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Raising the Bar for College Admission: North Carolina’s Increase in Minimum Math Course Requirements
The purpose of this paper is to assess the effects of this increase in the mandated minimum number of math courses. This assessment entails two separate questions. One is whether the policy affected actual course-taking among high school students. In exploring this question, we are attentive to the likelihood that the new standard might have a bigger effect on some groups of students than on others. Another question is whether any such changes in high school course-taking, together with the threat of being denied admission, affected college enrollment patterns or students’ choices or performance once enrolled.
Our findings fall into three groups. First, the evidence is consistent with the expectation that the increased requirements would influence the number of high school math courses taken by at least some students. Throughout our analysis we characterize students by their math aptitude as measured by their performance on the required 8th grade math end of grade test, with performance divided into deciles from low to high. Many students, particularly those at the higher deciles, were already taking four math courses by the time the minimum number was increased, so the new requirement presumably had no direct effect on them. But in eight of the 10 deciles we observed greater-than-expected increases in the share of students who, using the proxy we had (whether a student had taken Algebra II by 11th grade), were in a position to meet the new four-course standard. We cannot prove that these increases were due to the policy, but it is reasonable to think that at least most of them were.
Second are findings related to whether the increase in math courses affected whether students enrolled in one of the state’s public university campuses and, if so, where. Because the increases in math courses were greatest for students with 8th grade math scores in the middle deciles, one might have expected that the branch campuses whose students traditionally come from those deciles would have experienced the biggest increases in enrollment due to the changes in math course taking in high school. Surprisingly, we did not find that. Instead, we find increases in predicted enrollment due to changes in math course taking across all campuses, distributed differently across math achievement deciles. Each branch experienced increases in predicted enrollment, but those increases tended to be for students in the deciles that were already most common at those branches. For the branches that have traditionally drawn from deciles below the median, the newly stimulated enrollments came from those deciles. For the two branches with the highest shares of students from the top deciles before the policy change, the new policy stimulated new enrollment, and it was mainly in those same top deciles. Despite the general tendency before the change for top-decile students to have taken four math courses, many top decile students apparently had not been doing so, especially in school districts that had not pushed such students to do so in the past. Once the policy change was enacted, such districts beefed up their math pathways, causing more top students to take more math. Conceivably, the new requirement caused these top students to consider attending the leading research universities at Chapel Hill or NC State instead of one of the branches closer to their homes.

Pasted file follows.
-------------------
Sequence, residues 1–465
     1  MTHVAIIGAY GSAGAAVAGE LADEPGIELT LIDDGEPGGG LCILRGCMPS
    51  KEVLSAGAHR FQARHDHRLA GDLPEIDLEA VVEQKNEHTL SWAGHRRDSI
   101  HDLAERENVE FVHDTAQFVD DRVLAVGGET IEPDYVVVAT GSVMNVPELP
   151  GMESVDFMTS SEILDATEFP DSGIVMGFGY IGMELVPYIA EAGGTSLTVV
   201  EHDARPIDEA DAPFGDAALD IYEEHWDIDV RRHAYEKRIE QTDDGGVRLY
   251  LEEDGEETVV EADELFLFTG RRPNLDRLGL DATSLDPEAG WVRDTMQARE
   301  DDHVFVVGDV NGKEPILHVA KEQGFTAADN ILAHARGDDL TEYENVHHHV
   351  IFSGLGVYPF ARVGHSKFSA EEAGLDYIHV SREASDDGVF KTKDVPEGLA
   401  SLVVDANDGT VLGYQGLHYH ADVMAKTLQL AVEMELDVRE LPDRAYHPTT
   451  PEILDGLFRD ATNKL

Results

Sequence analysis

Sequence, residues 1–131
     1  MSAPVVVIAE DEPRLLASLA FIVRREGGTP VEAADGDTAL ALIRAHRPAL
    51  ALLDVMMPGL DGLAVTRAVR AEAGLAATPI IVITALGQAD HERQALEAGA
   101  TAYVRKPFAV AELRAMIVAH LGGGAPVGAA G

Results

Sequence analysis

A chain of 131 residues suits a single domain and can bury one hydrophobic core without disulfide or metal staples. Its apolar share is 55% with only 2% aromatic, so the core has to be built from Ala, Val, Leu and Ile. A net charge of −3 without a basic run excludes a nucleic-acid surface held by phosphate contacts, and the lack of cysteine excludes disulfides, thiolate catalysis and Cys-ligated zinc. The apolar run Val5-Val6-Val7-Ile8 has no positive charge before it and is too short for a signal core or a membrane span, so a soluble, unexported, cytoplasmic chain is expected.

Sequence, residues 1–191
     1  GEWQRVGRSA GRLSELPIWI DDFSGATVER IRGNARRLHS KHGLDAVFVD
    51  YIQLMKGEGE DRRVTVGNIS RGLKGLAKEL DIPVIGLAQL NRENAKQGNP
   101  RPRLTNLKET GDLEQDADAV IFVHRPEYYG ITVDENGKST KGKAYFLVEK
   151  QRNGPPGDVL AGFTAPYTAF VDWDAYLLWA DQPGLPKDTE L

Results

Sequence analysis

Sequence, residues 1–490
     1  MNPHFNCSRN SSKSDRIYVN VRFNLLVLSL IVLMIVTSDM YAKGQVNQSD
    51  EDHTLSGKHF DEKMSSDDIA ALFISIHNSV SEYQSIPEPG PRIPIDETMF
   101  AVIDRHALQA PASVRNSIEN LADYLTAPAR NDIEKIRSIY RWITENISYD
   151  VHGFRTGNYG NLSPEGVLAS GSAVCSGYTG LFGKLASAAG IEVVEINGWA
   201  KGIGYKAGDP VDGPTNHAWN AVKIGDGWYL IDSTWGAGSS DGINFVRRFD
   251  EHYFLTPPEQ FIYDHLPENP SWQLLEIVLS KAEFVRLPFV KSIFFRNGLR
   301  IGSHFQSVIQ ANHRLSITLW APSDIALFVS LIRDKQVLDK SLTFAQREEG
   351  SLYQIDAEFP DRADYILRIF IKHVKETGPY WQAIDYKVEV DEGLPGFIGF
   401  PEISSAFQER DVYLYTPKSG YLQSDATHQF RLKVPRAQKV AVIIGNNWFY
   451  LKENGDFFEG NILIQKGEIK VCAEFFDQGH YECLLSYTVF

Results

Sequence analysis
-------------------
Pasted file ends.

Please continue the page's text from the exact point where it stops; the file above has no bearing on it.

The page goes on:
The third set of findings relate to whether the minimum course requirement affected the behavior of students once they enrolled in one of the branches. Here the results are less broad-based than for the other analyses. We find some evidence that the policy change increased the likelihood that high decile students would major in a STEM field, but reduced the likelihood of low decile students of doing so. Further, we find that the program raised the GPA of students in deciles 8 and 9, but had at most limited effects on four-year graduation rates.
Keywords: School Mandates, High School Course Taking, College Admission
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